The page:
Mel Brooks' secret to fake flatulence

While there are no shortage of hilarious moments in Blazing Saddles, arguably the funniest — and certainly the most notorious — takes place around a campfire. In the scene, a group of cowboys are sitting around the fire while enjoying plates of baked beans. Suddenly, one cowboy burps, followed by another breaking wind. Then another passes gas, then another and another, until the entire scene erupts in a cacophonous symphony of flatulence. 

Discussing the infamous scene with IndieWire, Brooks revealed that not only did he write and direct the scene, he also helped provide the gassy sound effects. "Those farting sounds were made in the editing room by putting soap and water under our armpits to get a certain sound," he explained. "This is a secret; I don't know if I ever told anyone this. Soap and water under our arms, and then every once in a while we'd imitate things."

According to Brooks, "I don't get a laugh until about the third fart... And by the sixth or seventh one some people are falling out of their seats. I'm very proud of it but a little ashamed of it at the same time."

Alfred Hitchcock helped Mel Brooks make High Anxiety

After parodying westerns with Blazing Saddles and horror films with Young Frankenstein, Brooks next set his sights on spoofing the films of director Alfred Hitchcock. His 1977 comedy High Anxiety featured Brooks' hilarious take on such Hitchcock classics as VertigoPsycho, and The Birds. 

Before embarking on the project, Brooks told Rolling Stone in a 1978 interview that he sought out Hitchcock to get his blessing. Hitchcock, then 80, not only loved the idea of Brooks parodying his movies, he even offered some suggestions for the script. "He was very helpful," Brooks explained in a TV interview with Joy Behar, recalling that he would visit Hitchcock each Friday to have a meal and work on the script together. 

Hitchcock also pitched Brooks a joke for High Anxiety, although it didn't make it into the film. The gag features the protagonist running from bad guys, guns drawn, when he finds himself at the end of a dock. Luckily, he sees a ferry about 12 feet away and makes a desperate leap, just barely making it. Only then, Brooks explained, he "realizes too late the ferry is coming in."

Mel Brooks' role in Spaceballs nearly killed him

Mel Brooks satirized Star Wars and its sequels with his 1987 comedy Spaceballs. In addition to writing and directing, he also played two roles in the film, President Skroob and wise old Yogurt (spoofing Star Wars' Yoda), who tells the heroes, "May the Schwartz be with you." Yogurt was one of the most memorable characters in the movie, declaring his hope that they would all one day reunite for "Spaceballs 2: The Search for More Money." 

Brooks subsequently revealed that playing the character nearly cost him his life. The gold makeup plastered on his face, he told The AV Club, left him with a severe skin ailment. "Well, except for a life-threatening rash, it was fine," Brooks divulged. "My eyes broke out because of the fumes of the gold paint. It was right in the middle of shooting it. I just kept taking Benadryl and all that stuff to fight the allergy. It was really terrible; it was dangerous."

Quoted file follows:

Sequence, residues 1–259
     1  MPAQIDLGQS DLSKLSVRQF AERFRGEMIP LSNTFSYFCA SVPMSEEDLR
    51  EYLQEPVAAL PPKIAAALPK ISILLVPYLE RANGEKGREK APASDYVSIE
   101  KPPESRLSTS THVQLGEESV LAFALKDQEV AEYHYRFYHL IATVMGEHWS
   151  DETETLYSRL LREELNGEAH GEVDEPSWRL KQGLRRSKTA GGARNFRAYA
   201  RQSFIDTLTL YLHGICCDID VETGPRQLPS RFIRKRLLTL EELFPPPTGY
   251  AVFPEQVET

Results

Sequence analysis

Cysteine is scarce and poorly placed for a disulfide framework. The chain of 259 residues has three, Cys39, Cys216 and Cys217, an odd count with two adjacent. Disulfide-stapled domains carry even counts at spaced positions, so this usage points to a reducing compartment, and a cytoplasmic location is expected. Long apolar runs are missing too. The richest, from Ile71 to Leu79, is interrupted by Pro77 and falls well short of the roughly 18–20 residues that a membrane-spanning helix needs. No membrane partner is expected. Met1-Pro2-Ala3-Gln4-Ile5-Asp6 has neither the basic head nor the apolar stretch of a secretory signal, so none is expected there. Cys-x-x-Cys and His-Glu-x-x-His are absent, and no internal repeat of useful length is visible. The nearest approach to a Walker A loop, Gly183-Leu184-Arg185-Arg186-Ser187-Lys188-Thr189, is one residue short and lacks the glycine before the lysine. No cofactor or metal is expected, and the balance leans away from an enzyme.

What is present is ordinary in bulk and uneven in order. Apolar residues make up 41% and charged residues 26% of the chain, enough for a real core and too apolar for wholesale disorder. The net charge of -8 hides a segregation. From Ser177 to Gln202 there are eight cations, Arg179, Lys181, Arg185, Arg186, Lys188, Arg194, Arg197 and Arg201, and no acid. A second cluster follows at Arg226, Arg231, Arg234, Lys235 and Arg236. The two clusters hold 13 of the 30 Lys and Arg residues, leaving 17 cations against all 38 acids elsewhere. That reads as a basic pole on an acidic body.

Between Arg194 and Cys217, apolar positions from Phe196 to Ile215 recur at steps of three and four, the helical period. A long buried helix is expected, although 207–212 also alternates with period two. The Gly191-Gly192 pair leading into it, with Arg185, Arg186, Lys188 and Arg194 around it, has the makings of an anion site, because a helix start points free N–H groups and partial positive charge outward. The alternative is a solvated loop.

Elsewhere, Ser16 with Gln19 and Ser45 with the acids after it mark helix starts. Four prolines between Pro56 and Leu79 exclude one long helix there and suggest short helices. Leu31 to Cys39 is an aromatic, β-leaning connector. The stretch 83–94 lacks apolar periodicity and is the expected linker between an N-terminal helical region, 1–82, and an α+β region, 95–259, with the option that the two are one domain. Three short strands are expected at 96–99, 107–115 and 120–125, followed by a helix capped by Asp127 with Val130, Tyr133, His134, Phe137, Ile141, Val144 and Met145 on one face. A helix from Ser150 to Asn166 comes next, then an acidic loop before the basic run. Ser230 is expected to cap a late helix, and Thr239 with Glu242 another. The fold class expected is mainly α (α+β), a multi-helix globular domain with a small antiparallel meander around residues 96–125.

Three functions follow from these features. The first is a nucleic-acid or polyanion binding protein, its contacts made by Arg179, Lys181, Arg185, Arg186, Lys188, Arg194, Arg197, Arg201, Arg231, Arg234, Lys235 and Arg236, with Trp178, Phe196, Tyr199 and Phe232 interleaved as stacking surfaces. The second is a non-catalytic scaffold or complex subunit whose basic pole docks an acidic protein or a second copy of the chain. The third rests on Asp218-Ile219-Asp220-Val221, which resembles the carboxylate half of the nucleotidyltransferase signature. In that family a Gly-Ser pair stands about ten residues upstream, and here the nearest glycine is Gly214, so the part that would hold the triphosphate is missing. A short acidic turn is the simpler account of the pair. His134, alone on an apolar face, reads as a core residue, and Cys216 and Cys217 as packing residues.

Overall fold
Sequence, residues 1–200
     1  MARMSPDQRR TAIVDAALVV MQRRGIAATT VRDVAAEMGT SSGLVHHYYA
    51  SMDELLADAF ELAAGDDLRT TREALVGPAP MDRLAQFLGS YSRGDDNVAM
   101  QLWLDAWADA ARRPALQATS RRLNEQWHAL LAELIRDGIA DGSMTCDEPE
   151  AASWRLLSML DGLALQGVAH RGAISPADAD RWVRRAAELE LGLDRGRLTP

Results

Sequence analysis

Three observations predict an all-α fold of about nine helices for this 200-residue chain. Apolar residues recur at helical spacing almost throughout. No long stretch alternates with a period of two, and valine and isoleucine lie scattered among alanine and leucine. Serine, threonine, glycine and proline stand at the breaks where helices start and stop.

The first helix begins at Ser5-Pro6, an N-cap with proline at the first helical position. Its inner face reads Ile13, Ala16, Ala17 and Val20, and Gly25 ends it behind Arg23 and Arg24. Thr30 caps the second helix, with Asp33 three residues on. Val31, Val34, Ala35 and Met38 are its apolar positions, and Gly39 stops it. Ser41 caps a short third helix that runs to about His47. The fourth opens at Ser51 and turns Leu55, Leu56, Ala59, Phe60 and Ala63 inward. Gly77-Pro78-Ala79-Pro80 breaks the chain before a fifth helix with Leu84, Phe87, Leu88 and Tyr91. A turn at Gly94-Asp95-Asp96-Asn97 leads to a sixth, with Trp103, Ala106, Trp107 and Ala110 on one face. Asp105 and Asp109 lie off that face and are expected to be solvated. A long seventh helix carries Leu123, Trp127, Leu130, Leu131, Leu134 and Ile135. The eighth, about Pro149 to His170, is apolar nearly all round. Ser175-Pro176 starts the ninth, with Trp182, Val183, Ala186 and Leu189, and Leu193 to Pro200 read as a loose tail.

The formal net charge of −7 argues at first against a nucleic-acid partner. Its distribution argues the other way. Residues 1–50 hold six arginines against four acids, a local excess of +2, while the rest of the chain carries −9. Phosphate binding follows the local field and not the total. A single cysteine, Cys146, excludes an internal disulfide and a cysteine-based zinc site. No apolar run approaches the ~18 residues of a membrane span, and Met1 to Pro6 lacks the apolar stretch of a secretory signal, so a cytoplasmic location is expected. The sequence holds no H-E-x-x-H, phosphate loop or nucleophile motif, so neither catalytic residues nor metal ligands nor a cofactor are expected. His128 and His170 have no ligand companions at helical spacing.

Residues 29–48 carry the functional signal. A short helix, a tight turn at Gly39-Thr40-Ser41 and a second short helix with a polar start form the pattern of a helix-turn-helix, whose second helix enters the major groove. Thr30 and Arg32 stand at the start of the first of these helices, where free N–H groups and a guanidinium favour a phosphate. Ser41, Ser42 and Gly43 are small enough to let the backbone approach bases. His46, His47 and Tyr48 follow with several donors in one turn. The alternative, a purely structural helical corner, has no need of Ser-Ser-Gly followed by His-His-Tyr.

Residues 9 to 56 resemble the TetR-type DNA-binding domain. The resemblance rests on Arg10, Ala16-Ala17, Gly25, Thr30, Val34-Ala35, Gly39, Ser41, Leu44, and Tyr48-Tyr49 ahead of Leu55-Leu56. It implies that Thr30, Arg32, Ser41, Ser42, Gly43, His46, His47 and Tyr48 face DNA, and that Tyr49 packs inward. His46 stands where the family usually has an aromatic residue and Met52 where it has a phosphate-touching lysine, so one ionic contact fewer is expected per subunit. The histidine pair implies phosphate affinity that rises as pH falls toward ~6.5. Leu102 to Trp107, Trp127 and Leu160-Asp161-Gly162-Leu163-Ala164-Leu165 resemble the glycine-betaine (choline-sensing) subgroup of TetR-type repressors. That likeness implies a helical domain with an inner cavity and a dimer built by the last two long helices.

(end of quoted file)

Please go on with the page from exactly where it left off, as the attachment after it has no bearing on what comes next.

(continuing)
According to Brooks, he was "assured" that the paint was non-toxic and would be totally safe. "And it was toxic," he said. "I'm supposed to chalk it up to show business, but I nearly died."

There are 11 fingers on Mel Brooks' handprints at Hollywood's Chinese Theatre

In 2014, Mel Brooks became the recipient of the ultimate old-school Hollywood honor: he was invited to leave his handprints and footprints permanently imprinted in cement outside Hollywood's TCL Chinese Theatre (once known as Grauman's Chinese Theatre). During the ceremony, Brooks pulled a sly prank. Unbeknownst to anyone, his left hand had been outfitted with an extra prosthetic finger, which, due to Hollywood makeup artistry, looked totally real. 

Thanks to his stunt, Brooks' handprints boast 11 fingers instead of the usual 10. "I desperately need to wash my hands," Brooks wrote on Twitter, the caption accompanying a photo of his 11-fingered imprint. After making his mark in wet cement, Brooks revealed his trick to the crowd by showing off his bonus digit. "There'll be a lot of tourists in the future who might notice that I have six fingers on my left hand," he joked.

Later that night, Brooks appeared with Conan O'Brien on his late-night talk show Conan, reported CBS News, where he explained his motivation. "I wanted to do something just a little different, I didn't know what. So — I got another finger," Brooks told O'Brien. 

Mel Brooks' Broadway play (based on his movie about a Broadway play) set a record at the Tonys

Mel Brooks' 1967 comedy The Producers didn't make big bucks at the box office (a mere $375,143 worldwide, according to Box Office Mojo), but it has come to be regarded as a cult classic. The plot follows a low-rent Broadway producer (Zero Mostel) and his accountant (Gene Wilder), who realize they can make more money from a flop than a hit by bringing in more investors than they'll ever be able to repay. This leads them to mount a production of the worst musical they can find: Springtime for Hitler, a musical-theater tribute to the Third Reich. 

Brooks revisited The Producers more than 30 years later when he revamped it as a Broadway musical, opening in 2001. The play was a critical and commercial smash that set a record at that year's Tony Awards, raking in 12 awards to beat the previous record of 10, won by Hello Dolly 37 years earlier. Bringing it full circle, stars Nathan Lane and Matthew Broderick reprised their Broadway roles for a 2005 movie adaptation of the play — a movie based on a Broadway musical based on a movie.